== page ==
When you are sad, add more lipstick and attack – Coco Chanel
While applying some lipstick after a bad day I noticed the rush I felt, it was an instant pick-me-up. Looking down at my drawer filled with lip color I thought of how I wanted to dive a little deeper in the history of it all. I began reading and was amazed at the trials, tribulations and overall bad rep it had. I was intrigued about how its evolved over time from persecution and death to the acceptance by mainstream (thanks hollywood!) and why it makes you feel so awesome.
A Women’s Health poll showed 80% of respondents said that the right lipstick can positively impact their mood. And apparently different colors of lipstick give different emotional responses. “Nudes and muted neutrals channel warmth and calm; reds symbolize power; brights, like orange or fuchsia, convey daring; and anything in the plum family is associated with being refined and professional”, says Dr Victoria Fraser, director of scientific communication and consumer beauty at CoverGirl.Procter & Gamble did a study on cosmetics and perception of women in the workplace. It found that makeup can increase perception of a women’s likability, trustworthiness and competence, in and out of the workplace. Try swiping on a little lipstick next time you head to work and see what happens!
Lipstick has been used as a form of empowerment throughout history for over 5000 years. The powerful Cleopatra wore lip rouge, it could be part of the reason she had 2 of the most powerful men (Caesar & Marc Anthony) after her. Queen Elizabeth I was famous for her “kiss of death” which she wore despite the english pastors calling lipstick the “devils work”, because she believed it had magical powers like the ability to heal and ward off death. She’s also credited with making the first lipliner which consisted of rolling ingredients into a crayon shape and letting it dry in the sun. Almost immediately after her death the English Parliament began condemning lipstick again. If you wore makeup it was punishable as witchcraft, yep I for sure would have been burned at the stake FTW lol. American states also passed laws allowing a marriage to be annulled if the wife used lipstick. Crazy to know that those powdered wigs were seen as tolerable and not a fashion sin but, lipstick = death. Finally in the 1840’s Guerlain, a Parisian cosmetic’s brand made the first commercial lipstick from waxes, butter, grapefruit. The first department store makeup counter opened at New York’s B. Altman’s in 1867. Shortly after, in 1915 American inventor Maurice Levy introduced the first lip color in a sliding metal tube, which is similar to lipstick as we know it today.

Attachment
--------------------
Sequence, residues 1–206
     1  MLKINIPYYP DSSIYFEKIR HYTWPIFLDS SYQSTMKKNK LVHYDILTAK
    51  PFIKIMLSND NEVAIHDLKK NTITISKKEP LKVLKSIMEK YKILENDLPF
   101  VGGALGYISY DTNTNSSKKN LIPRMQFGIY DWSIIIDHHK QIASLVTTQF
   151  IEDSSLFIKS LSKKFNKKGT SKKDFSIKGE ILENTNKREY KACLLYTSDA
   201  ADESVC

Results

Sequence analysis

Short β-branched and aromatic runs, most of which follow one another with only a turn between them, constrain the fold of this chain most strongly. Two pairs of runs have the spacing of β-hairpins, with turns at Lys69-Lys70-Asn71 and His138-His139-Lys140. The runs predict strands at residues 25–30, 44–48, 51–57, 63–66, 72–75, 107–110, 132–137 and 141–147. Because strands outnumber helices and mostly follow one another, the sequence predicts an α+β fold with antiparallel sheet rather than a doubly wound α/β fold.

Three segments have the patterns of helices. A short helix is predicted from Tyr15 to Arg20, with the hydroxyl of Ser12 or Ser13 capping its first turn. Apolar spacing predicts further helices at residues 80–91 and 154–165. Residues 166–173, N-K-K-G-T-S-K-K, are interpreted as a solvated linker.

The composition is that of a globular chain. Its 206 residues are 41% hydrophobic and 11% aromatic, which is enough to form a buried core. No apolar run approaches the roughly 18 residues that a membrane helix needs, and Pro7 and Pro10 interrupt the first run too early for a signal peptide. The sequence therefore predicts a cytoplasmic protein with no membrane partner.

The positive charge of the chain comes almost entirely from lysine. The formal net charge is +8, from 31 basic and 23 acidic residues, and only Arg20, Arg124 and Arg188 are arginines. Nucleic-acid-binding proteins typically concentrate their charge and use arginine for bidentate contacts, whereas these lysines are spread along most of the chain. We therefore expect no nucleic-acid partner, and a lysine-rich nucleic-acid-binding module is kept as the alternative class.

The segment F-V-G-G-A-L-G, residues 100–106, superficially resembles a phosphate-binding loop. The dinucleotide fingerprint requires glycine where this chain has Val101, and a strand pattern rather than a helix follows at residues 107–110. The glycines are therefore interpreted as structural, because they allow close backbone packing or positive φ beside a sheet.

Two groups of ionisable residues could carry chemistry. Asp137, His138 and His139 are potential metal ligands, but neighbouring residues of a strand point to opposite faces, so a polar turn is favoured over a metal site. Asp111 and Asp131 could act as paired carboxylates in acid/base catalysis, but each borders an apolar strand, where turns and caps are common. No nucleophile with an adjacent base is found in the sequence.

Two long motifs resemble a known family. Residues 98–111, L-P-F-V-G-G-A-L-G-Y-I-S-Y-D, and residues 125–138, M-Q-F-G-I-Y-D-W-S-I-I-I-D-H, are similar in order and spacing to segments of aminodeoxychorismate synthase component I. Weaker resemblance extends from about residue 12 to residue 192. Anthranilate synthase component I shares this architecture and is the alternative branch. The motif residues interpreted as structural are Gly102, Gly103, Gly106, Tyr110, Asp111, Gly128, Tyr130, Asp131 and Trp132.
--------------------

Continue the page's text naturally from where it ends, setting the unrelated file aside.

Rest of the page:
Lipstick did have more revolutionary moments in history – The Suffragette’s were an activist group who fought for women’s rights, and equality. They used bright red lipstick as a form of protest making it even more badass. It was now a symbol of female rebellion after a lifetime of being told it was evil and morally wrong by men. A few years with the increasing popularity of “motion pictures” which featured silent film starlets wearing exaggerated dark lips it became mainstream. Looks such as Clara Bow’s “cupid bow” and Mae Murray’s “bee-stung” lips were being emulated by women everywhere. There was even a “clamp” to mold your lips into a cupids bow – much like the “Kylie lip challenge” suction contraptions that surfaced a while back.
At one point they tried to market it as an accessory that represented strength during World War II giving lipsticks names like ‘Fighting Red!‘ ‘Patriot Red!‘ ‘Grenadier Red!. Lipstick was seen as not only a sign of sexuality but a sign of strength. Starlets like Jean Harlow, Veronica Lake and the infamous Marilyn Monroe continued the momentum. Towards the 1960s with the sexual revolution and invention of both the miniskirt and birth control, changed our palette. The neutral lips and dramatic eyes favored by mod fashionista’s like Twiggy and Edie Sedgwick were in. By the 70’s disco was going to change that notion with the rise of Studio 54 and Donna Summer becoming popular, this time cherry red glossy lips were in. The 80s brought excessively bright red lips thanks to ladies like Madonna and Linda Carter (the original Wonder Woman) despite the fitness boom, lol leg warmers.
Nowadays we have famous figures like Dita Von Teese and Gwen Stefanie who are rarely seen without their signature pout. And we no longer have to worry about lead poisoning or being burned alive for witchcraft. For that I am grateful and love my lipstick just a little bit more. Right now I’m hooked on “Mrs. Mia Wallace” by Urban Decay, and am guilty of recently buying Givenchy’s Le Rouge in “Grenat Initié” after a fight with my bf to lift my mood. The lipstick effect is a theory that states that during periods of recession or economic downturn, consumers will buy smaller luxury goods instead of big-ticket items, such as premium lipstick. I also feel this is true for when were are feeling down.